Liberty seniors head back to campus, class
Wendy Alexander/The Madera Tribune
Liberty High School principal Felipe Piedra makes sure some of his students are practicing social distancing during the first day of in-person instruction for the school. Seniors were on campus Thursday and Friday for the first time since last March.
After almost seven months of waiting, Liberty High School saw students walking to classrooms on campus and anticipating the return of more.
Liberty High School’s Class of 2021 returned to campus, as did seventh and eighth graders to Ranchos Middle School on Thursday, much to the delight of Golden Valley Unified School District staff and administration.
“We’ve been planning this since October, if not before that,” said GVUSD Assistant Superintendent Kevin Hatch. “The new guidance of Educational Services that came out March 20, which allows middle school and high school students to come back to campus even if you’re in the Purple Tier as long as your case rate is below 25. We’re taking advantage of that and jumping in.”
Liberty had seniors on campus Thursday and Friday before spring break hits next week. The following Monday, the rest of the grades will go on campus, but it will only be filled at 50 percent.
“We’ve been wanting these kids back on campus for a long time,” Hatch said. “The board and staff knew that once we got the green light, we were going to open in a couple of days That gives them an opportunity to work out any bugs in the scheduling and the flow of student traffic. They can make adjustments they need to make. When we come back April 5, it open up all the way, but it will be an AB model (50 percent one day and 50 percent the other day).”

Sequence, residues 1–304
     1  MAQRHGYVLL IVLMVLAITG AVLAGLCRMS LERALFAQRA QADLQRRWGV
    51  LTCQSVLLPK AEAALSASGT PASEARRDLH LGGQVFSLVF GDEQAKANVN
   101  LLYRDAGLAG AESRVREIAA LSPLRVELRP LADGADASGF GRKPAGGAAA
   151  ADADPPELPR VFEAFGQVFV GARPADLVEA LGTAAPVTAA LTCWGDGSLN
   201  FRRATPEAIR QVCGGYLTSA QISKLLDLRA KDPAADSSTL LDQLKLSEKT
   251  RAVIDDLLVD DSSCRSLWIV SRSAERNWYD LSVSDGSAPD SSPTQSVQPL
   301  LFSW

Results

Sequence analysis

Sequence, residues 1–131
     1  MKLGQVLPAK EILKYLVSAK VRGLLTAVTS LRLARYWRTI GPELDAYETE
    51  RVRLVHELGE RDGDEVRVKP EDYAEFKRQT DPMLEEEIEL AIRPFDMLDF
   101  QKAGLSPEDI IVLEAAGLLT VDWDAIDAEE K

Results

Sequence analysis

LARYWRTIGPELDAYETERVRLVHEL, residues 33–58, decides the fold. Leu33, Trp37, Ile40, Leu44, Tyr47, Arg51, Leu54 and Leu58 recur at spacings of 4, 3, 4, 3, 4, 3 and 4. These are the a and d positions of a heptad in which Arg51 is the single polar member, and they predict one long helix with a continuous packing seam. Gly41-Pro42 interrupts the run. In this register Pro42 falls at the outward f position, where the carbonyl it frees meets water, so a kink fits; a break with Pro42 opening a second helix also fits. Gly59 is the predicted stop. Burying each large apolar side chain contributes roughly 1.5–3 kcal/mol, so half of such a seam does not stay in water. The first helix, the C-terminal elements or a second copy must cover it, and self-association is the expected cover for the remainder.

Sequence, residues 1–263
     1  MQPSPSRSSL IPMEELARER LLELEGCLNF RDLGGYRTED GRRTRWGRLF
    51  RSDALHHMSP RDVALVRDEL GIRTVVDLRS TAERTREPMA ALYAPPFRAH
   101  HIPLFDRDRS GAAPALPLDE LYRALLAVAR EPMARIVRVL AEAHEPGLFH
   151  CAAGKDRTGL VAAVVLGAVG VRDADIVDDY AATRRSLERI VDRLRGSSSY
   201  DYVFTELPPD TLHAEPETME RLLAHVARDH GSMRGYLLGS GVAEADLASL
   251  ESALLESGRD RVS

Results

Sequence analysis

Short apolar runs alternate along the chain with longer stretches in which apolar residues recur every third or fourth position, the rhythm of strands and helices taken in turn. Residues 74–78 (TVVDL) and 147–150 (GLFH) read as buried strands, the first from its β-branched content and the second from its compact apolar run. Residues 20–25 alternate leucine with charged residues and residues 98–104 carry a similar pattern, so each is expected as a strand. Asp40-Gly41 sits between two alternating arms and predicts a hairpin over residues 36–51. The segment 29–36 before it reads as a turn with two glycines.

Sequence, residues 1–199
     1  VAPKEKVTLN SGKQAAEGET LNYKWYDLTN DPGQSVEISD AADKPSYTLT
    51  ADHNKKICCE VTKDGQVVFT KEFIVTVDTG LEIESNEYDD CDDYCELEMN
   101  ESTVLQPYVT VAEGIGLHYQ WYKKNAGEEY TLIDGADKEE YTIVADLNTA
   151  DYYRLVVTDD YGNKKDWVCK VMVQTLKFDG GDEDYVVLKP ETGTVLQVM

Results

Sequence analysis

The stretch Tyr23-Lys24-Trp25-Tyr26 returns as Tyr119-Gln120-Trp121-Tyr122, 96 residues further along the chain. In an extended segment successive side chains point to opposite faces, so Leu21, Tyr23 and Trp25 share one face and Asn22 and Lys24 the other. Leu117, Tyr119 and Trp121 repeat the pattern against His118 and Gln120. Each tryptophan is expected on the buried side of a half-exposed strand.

Hatch wanted the seniors on campus first because they were the once that missed the most.
“We’re just excited to give them an opportunity to get back on campus,” Hatch said.
Hatch also wanted to note that the 50 percent number are 50 percent of the students that are comfortable with coming to school in person.
“In one way, it’s a sigh of relief to get them on campus,” he said. “However, we’re doing this in a very short period of time so there’s a lot of stress. We want it to go the way we want it to go. We’re guessing it’s going to be between 15-20 percent that will want distance learning.”
Hatch hopes that by allowing students on campus this year with guidelines, it will lead to a more open school when the 2021-2022 academic year begins.
“We are hoping to be in class full time next year,” he said. “If we can move earlier than that, especially with the new guidelines for three-foot distancing in the classroom, we’re looking at that, as well.”